Following the financial crisis, retail banks face the challenges of decreased demand, increased competition and the need to introduce more controls and greater transparency to meet new regulatory requirements. However, with over-engineered processes and unsuitable technology, few are proving agile enough to deal with the demands of this new world. As a result, they are finding it is almost impossible to meet new regulatory requirements profitably.
To move forward, retail banks need to create a business enterprise architecture that allows them to implement rapid change. New regulations present them with the perfect opportunity to simplify processes and organisation, and acquire the flexibility they will need to respond to future waves of regulatory or market change.
So, what steps must banks take to achieve the agility the future demands?
First, just as telecoms providers T-Mobile did when they faced similar challenges a decade ago, banks should consider splitting their operations into a front-end service provider focused on commercial, distribution and product management, and a back-end ‘production factory’ capable of servicing more than one front-end service provider and of partnering with the infra and service providers.
This splitting of the front and back ends is essential preparation for the partnerships between banks, telecoms and hardware and software companies that will become increasingly common in future.
Second, banks should re-engineer the organisation to focus on workflow and output and ensure their staffing, process and systems are fit for purpose. This means banks need to consider investing in front-end IT that will deliver better customer services rather than focusing on reducing IT costs. Rabobank recently did just this, implementing on of the world’s largest Siebel CRM systems as a result.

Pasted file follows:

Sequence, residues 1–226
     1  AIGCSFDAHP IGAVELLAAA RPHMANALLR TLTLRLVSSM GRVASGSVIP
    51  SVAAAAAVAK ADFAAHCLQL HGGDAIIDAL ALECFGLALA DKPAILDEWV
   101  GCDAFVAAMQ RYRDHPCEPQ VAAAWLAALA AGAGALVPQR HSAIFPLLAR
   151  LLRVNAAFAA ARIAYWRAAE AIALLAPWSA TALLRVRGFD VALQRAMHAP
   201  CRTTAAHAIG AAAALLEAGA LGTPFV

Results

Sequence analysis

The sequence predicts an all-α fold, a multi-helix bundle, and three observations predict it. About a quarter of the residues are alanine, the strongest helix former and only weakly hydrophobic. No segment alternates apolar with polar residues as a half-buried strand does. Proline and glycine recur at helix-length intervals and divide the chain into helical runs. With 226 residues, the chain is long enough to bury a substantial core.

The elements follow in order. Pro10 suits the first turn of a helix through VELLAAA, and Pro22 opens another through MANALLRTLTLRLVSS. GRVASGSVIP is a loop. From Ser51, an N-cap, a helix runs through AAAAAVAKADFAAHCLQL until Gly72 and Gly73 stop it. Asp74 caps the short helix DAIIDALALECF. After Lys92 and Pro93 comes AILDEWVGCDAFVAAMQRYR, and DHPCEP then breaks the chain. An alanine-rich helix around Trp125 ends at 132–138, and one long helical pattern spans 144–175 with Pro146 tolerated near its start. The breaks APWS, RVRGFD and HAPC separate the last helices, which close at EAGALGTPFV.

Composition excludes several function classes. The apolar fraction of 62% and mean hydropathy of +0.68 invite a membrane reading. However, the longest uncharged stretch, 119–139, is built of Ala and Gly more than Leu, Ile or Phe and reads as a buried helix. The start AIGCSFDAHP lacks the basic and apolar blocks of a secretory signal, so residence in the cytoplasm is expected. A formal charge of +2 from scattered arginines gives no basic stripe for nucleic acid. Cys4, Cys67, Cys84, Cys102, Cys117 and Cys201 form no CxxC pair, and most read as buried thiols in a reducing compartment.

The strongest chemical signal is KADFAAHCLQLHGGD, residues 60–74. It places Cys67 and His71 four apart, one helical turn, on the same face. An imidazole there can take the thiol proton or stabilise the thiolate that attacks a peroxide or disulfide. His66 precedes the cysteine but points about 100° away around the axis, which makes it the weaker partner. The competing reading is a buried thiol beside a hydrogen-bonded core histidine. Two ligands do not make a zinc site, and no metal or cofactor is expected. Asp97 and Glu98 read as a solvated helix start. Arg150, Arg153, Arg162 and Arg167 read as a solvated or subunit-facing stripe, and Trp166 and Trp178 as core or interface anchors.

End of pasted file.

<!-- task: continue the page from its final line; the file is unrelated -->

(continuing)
Next, banks must focus on building a brand that appeals to their customers. This is a huge challenge given the current poor image of the industry. But accepting the status quo and continuing to engage in price wars will not address the problem of declining profitability.
Some see greater transparency as a useful step here, while others favour alliances with third parties such as Facebook, as seen in the latest viral promotions of credit cards. In either case, a separate front end is more likely to create an environment in which banks can create/restore appealing brands. Virgin Money and, in the Netherlands, Rabo Mobile, both provide good examples of how banks have managed to build a profile for their brand beyond financial services.
The transition described here is significant and challenging but, once complete, it offers banks the opportunity to leverage their customer bases and expand their service offerings.
To find out how PA can help you respond to regulatory change in a way that creates an agile business, contact us now.